Open access: http://dx.doi.org/10.1016/j.jadr.2021.100093
Tracey Varker, Phoenix Australia- Centre for Posttraumatic Mental Health, Department of Psychiatry, University of Melbourne, Level 3, Alan Gilbert Building, 161 Barry St, Carlton, VIC 3053, Australia. E-mail: firstname.lastname@example.org
Background: Many patients drop out of guideline-recommended treatments for posttraumatic stress disorder (PTSD), yet there has been little systematic investigation of this issue. We aimed to examine dropout proportions from randomized controlled trials (RCTs) of guideline-recommended treatments for PTSD and whether proportions differed by type of treatment or trauma, PTSD severity or chronicity, or medication being permitted.
Methods: Systematic review and meta-analysis of RCTs of guideline-recommended treatments for PTSD.
Results: Eighty-five trials, with data for 6804 participants were included in the meta-analyses. The mean dropout proportion for guideline-recommended treatment was 20.9% (95%CI 17.2, 24.9) with evidence of high heterogeneity across studies. Military trauma was associated with higher dropout than civilian trauma. The civilian trauma group had similar dropout rates from guideline-recommended treatments, and active, waitlist or treatment as usual controls. In the military trauma group, dropout was higher from guideline-recommended treatments compared to active, waitlist or treatment as usual controls. Within this group, dropout from trauma-focused treatment was significantly higher than from non-trauma focused treatments overall, with the greatest difference in dropout rates occurring between randomization and treatment initiation.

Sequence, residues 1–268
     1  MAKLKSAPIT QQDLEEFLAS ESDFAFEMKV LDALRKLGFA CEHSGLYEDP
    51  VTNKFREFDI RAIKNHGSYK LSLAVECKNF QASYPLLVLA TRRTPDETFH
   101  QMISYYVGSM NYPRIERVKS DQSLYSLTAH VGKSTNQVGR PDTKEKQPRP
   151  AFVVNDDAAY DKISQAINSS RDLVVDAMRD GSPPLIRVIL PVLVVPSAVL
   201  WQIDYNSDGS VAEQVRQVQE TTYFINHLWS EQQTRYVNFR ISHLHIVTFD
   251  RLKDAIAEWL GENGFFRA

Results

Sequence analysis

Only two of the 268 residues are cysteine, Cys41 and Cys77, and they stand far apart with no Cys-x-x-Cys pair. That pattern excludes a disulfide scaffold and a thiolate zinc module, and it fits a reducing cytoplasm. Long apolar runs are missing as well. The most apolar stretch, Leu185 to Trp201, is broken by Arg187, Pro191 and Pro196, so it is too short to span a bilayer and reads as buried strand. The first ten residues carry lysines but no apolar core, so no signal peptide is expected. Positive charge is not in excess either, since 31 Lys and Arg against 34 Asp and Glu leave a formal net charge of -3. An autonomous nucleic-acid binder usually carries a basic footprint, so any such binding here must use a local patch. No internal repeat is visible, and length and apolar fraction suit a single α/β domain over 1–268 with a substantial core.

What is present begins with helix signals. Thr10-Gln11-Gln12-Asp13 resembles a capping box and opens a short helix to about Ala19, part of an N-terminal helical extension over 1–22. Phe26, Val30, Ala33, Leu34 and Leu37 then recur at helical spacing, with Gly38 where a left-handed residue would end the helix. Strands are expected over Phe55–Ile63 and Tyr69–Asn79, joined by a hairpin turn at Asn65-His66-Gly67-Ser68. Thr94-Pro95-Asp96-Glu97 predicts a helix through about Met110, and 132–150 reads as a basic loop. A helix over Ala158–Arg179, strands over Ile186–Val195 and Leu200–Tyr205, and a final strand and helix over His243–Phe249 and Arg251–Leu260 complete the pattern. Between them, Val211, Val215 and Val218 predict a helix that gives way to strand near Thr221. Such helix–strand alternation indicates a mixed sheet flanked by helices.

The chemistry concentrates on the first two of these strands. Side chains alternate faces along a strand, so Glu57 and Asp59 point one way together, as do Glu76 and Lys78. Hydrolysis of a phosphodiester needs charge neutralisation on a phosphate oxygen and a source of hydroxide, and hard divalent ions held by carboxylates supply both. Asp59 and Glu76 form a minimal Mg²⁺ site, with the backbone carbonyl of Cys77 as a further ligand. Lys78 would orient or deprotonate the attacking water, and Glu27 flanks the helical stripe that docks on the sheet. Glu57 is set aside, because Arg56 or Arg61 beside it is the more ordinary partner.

Limitations: Most RCTs exclude participants who have comorbid substance use disorder, suicidal behaviour, or history of psychosis, which limits the generalizability of findings.